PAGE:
Skip to main content
Premium Trial:

Request an Annual Quote

Illumina, Dovetail Genomics Ink Comarketing Deal

NEW YORK (GenomeWeb) – Dovetail Genomics announced today that it has signed an agreement with Illumina to co-market its genome sequencing and assembly services for long-range sequencing applications.

Under the terms of the deal, the companies will promote Dovetail's in vitro proximity ligation-based libraries that have been prepared specifically for Illumina's sequencing platforms. The libraries can generate read-pairs spanning genome distances up to the maximum size of input DNA, Dovetail said. The library data, along with a draft assembly, can be run through Dovetail's HiRise software pipeline to identify and break misjoins in the draft assembly, and then iteratively join contigs and scaffolds into a final assembly with improved contiguity, the company added.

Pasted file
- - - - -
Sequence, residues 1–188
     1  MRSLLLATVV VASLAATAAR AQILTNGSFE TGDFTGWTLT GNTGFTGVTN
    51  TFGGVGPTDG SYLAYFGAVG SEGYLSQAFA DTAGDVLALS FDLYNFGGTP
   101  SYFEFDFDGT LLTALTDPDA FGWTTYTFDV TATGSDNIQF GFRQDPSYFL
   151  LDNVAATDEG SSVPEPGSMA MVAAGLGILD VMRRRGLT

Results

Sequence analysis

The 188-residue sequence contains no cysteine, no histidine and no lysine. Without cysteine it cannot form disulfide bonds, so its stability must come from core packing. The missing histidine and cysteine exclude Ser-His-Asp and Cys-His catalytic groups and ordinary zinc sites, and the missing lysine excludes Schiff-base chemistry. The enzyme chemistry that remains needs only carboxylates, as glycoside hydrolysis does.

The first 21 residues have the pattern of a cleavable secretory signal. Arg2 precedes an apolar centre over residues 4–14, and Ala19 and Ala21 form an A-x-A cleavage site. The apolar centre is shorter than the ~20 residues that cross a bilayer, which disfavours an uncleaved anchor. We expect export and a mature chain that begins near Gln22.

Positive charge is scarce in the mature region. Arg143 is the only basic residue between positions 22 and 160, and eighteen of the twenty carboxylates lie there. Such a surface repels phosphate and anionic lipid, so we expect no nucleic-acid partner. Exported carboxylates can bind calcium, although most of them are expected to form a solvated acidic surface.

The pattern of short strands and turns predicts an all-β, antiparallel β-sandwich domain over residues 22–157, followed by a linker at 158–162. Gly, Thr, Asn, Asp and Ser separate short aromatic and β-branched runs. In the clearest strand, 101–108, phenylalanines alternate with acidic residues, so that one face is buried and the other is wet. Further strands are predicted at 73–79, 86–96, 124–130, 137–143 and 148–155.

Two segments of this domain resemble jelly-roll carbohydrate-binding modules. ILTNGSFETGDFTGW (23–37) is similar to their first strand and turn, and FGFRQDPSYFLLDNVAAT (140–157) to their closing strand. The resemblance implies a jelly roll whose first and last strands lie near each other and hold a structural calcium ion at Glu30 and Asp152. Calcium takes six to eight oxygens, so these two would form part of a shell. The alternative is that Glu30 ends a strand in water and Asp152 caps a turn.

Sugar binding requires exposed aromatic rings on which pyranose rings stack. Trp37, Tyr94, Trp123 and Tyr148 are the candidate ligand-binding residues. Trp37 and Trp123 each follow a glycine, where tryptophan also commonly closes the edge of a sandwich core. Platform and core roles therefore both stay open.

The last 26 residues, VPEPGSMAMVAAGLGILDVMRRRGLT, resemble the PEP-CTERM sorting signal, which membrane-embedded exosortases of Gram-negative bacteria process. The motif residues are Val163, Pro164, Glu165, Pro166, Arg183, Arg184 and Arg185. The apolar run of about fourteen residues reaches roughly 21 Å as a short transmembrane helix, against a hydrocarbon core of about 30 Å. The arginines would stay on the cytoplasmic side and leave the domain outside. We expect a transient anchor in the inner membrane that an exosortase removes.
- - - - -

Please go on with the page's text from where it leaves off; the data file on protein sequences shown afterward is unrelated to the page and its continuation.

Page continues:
"Since launching our services in October of last year, we have produced assemblies for more than 100 different organisms, driving increased access to and use of reference-quality genomes," Dovetail CEO Todd Dickinson said in a statement. "We are thrilled to partner more closely with Illumina to further expand our market reach as we continue to grow our business."

Specific terms of the co-marketing arrangement were not disclosed.

The Scan

Genetic Ancestry of South America's Indigenous Mapuche Traced

Researchers in Current Biology analyzed genome-wide data from more than five dozen Mapuche individuals to better understand their genetic history.

Study Finds Variants Linked to Diverticular Disease, Presents Polygenic Score

A new study in Cell Genomics reports on more than 150 genetic variants associated with risk of diverticular disease.

Mild, Severe Psoriasis Marked by Different Molecular Features, Spatial Transcriptomic Analysis Finds

A spatial transcriptomics paper in Science Immunology finds differences in cell and signaling pathway activity between mild and severe psoriasis.

ChatGPT Does As Well As Humans Answering Genetics Questions, Study Finds

Researchers in the European Journal of Human Genetics had ChatGPT answer genetics-related questions, finding it was about 68 percent accurate, but sometimes gave different answers to the same question.